Why women judge
Dr. Suzana Flores, a licensed clinical psychologist with more than 15 years of experience reveals she's seen the women-judging-women dynamic quite often. She believes women may have difficulty relating to one another in a non-competitive atmosphere for many reasons. First, she says, "No matter where you are raised, women often grow up with strict societal standards emphasizing beauty and appearance. In order to meet with standards that society places on us, we often measure ourselves against other women." She also feels that many mothers conceal the hardships they may be experiencing in their new role, leading others to feel they are not good enough and feeling resentment and jealousy.
Tammy Whitten, licensed marriage and family therapist, certified family life educator and owner and founder of womenmanagingstress.com, agrees that our own insecurities often lead us to judge others. She says, "Women have high standards for themselves and yet often feel inadequate about their abilities at the same time. When they see another woman who's able to meet that standard, it opens the door for them to judge."
Toni Coleman, psychotherapist, relationship and body language expert and founder of Consum-mate.com, also notes that women often judge one another for choices they've made. For example, she says, "When a woman chooses to work outside the home, she can be a threat to a woman who chooses to stay at home and vice versa. Even though both women choose, there can be guilt and concern that they will not be as good a mother, or as capable and independent a person as their stay-at-home or working outside the home counterpart."
Why it's bad for us... and our kids
The insecurities that women and mothers feel are often rooted by society's idea of perfection — one that is not only unrealistic but nearly impossible to obtain.
President and founder of the Critical Therapy Center, Silvia M. Dutchevici, MA, LCSW, says, "As our culture creates an idealized version of femininity — white, young, heterosexual and rich — most women feel bad about their less than perfect achievements."
She notes, "These insecurities coupled with a neo-liberal ideology that if you work hard enough you can achieve anything you want, with no mention of institutional barriers, fosters an environment where women are more likely to judge themselves and others. In order to stop this cycle, one needs to critically think about what one considers feminine and empowering."
The need to compete with or judge other women can also rub off on our children, according to Christy Whitman, a New York Times bestselling author, creator of the Enlightened Kid Program, life coach, transformational leader and CEO and founder of Quantum Success Coaching Academy. She says, "When our competitive needs spill over onto our children, we change the people they are. They start becoming as anxious and as driven as us, thinking they are only as good as their latest accomplishments."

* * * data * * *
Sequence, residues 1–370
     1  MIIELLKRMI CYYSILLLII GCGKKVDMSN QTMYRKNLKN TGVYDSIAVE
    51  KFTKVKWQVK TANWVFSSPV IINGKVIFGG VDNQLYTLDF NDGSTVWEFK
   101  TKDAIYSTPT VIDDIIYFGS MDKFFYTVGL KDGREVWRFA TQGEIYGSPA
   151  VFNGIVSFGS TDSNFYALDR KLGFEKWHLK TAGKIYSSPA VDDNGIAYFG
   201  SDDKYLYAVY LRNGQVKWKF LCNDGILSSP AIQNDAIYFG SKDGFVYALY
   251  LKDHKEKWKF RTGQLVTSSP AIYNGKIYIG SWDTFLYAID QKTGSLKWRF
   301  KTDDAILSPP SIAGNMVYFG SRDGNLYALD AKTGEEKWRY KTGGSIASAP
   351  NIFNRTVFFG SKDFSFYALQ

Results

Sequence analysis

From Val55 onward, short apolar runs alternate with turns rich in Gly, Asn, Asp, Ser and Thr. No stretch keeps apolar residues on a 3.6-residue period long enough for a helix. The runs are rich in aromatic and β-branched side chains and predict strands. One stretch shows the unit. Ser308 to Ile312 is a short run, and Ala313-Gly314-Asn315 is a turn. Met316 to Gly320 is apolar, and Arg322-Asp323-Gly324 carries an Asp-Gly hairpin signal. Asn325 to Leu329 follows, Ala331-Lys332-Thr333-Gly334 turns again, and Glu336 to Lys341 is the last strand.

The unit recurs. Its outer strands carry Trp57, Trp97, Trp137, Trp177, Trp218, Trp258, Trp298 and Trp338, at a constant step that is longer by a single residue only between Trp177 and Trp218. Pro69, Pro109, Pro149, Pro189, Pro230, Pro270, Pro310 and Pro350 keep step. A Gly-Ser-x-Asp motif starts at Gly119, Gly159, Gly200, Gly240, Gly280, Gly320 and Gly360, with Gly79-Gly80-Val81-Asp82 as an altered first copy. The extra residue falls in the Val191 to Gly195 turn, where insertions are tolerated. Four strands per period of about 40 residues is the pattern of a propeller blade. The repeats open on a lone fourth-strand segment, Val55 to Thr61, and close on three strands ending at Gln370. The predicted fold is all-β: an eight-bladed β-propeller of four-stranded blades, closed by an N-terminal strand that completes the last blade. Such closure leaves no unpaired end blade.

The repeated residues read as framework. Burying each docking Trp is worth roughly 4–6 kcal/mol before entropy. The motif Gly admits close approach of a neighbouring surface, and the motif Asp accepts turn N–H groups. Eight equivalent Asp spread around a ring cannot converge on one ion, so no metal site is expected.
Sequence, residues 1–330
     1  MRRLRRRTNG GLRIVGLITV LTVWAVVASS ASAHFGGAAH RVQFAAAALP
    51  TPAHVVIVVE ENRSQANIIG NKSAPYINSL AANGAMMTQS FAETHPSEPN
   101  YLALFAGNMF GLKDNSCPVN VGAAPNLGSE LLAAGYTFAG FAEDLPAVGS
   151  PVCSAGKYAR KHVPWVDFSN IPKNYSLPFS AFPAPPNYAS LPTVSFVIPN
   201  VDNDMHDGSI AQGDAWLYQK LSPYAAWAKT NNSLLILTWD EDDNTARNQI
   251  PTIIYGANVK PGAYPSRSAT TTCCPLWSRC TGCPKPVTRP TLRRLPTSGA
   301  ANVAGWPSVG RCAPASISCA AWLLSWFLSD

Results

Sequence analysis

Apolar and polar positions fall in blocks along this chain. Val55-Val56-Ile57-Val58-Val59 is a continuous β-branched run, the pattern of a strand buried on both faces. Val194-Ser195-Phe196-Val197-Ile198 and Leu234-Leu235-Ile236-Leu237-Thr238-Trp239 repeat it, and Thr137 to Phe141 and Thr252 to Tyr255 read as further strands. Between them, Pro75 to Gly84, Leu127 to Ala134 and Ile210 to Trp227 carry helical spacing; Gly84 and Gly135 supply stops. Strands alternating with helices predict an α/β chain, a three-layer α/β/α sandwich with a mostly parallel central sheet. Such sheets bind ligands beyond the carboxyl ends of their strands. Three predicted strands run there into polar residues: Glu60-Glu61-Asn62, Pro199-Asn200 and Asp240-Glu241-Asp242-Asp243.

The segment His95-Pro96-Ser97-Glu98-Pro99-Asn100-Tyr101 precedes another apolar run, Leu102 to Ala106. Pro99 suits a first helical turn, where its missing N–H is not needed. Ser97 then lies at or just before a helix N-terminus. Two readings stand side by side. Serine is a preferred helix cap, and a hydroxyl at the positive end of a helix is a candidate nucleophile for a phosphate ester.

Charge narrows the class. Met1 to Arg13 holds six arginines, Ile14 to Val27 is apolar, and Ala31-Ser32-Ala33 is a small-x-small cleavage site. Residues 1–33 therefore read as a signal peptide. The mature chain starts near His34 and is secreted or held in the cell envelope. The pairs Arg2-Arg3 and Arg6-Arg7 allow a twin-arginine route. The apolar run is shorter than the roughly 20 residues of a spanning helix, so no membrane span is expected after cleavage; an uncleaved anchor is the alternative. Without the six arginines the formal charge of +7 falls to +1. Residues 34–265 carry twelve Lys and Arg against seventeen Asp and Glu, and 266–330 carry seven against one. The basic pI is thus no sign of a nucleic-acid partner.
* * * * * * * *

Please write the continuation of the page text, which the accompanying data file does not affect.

She continues, "They may grow up feeling they have to be perfect to prove themselves worthy of our love. The saddest consequence of our unrelenting need to see them 'win-at-all-costs' is that our children will feel as if they're never good enough. Their focus will always rest on their few failings, not their many accomplishments."
How we can stop the cycle of judging
Dutchevici says, "We need to remind women, especially young women, about compassion and solidarity with each other. Studies show that the more empathy and compassion we have towards others, the less likely we are to judge them. The more we see the 'other' as a subject/individual not as an object to be evaluated, the more we are to understand and empathize with each other."
Whitten advises that we can stop judging one another once we are comfortable with our own lives without worrying about society's expectations. She says, "We can stop judging each other when we stop trying to compete with each other and when we stop comparing ourselves to others. When we are comfortable with our efforts and when we decide to live a life on our terms instead of what we think are 'society's' standards, then we are able to stop judging others."
When you catch yourself judging another woman, think about ways in which you may be similar to this woman, suggests Whitten. She says, "Instead of looking for ways that you would 'do it better than her' or 'how she's making a mistake,' try to find ways that you are both alike. When you feel connected and alike, it's easy to learn from each other and to put those critical and judgmental feelings aside."
Remember that whether you think your children are listening to you or not, they constantly look to you as an example for behavior. You wouldn't want your children to judge others by what they see on the outside, right? It's important not to let your children overhear you speaking negatively about another adult for a superficial reason.